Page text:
So it seems a bit odd that it uses such an old technology; according to Dashevsky and Balzano, the language in which the scripts are written is called Nombas ScriptEase 5.00e. According to Nombas’ (now defunct) website, the last update to ScriptEase 5.00e was released in January 2003 – yes, almost two decades ago. There are those who can vote who weren’t born when the software that controls some of the JWST’s most vital instruments came out.
This knowledge is bubbling up on the internet in Hacker News and Twitter threads for years, but it still surprised quite a few of us here The edge once it really clicked. At first glance, it seems odd that such a vital (not to mention expensive) piece of scientific equipment would be controlled by a very old version of a technology not exactly known for being robust.
However, after thinking about it for a bit, the age of the software makes a little more sense – while the JWST launched in late 2021, the project has been in the works since 1989. When the telescope was built started in 2004ScriptEase 5 would have been only about two years old, with launched in 2002. That’s actually not particularly old, since spacecraft are often powered by proven technology rather than the latest and greatest. Since projects like the JWST take (literally) to get off the ground (literally), things that had to be pinned down early can seem outdated by more conventional standards as launch day rolls around.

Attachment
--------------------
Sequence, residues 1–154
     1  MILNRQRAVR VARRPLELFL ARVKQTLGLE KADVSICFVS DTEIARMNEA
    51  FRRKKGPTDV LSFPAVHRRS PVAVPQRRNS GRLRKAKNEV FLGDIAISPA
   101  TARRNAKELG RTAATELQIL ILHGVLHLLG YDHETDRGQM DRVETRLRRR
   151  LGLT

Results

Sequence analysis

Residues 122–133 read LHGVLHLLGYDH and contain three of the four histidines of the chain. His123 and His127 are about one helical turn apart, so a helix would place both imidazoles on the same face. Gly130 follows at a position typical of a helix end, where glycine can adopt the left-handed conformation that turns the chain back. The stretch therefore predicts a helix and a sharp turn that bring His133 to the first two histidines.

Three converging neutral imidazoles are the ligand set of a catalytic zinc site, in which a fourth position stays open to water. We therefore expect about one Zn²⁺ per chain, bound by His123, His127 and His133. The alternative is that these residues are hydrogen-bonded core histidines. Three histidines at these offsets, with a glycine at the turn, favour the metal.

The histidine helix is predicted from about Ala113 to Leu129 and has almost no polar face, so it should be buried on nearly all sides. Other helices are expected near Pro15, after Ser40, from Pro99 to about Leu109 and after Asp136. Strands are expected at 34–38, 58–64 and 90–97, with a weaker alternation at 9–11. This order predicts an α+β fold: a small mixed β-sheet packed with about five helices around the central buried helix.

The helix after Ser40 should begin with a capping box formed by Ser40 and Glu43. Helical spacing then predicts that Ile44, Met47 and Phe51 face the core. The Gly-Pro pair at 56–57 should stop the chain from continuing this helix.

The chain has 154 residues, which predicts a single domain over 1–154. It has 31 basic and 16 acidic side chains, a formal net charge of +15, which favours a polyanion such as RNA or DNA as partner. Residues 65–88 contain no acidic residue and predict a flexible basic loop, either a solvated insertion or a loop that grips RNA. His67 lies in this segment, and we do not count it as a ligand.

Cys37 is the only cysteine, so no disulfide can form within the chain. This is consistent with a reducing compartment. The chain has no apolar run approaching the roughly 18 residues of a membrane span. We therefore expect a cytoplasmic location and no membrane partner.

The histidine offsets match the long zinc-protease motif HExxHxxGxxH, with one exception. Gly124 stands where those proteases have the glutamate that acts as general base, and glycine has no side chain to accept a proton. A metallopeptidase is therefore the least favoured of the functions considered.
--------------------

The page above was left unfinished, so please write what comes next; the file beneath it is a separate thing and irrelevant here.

This knowledge base also contains a few more details about: the telescope’s 68 GB SSD, and says it can hold anywhere from 58.8 to 65 gigabytes of actual scientific data. Wait, did I forget to mention that? Yes, this telescope’s solid-state drive has about the same capacity as the one available in the original 2008 MacBook Air.
Well, NASA’s paper says this way of doing things “gives operations personnel greater visibility, control, and flexibility over telescope operations,” allowing them to easily change the scripts “while learning the ramifications and subtleties of operating the instruments.” Basically, NASA works with a bunch of files written in somewhat human-readable format – if they need to make changes, they can just open a text editor, a lot from ground testing and then send the updated file to the JWST. It’s certainly easier (and therefore probably less error-prone) than having every program written in secret code that you would have to recompile if you wanted to make changes.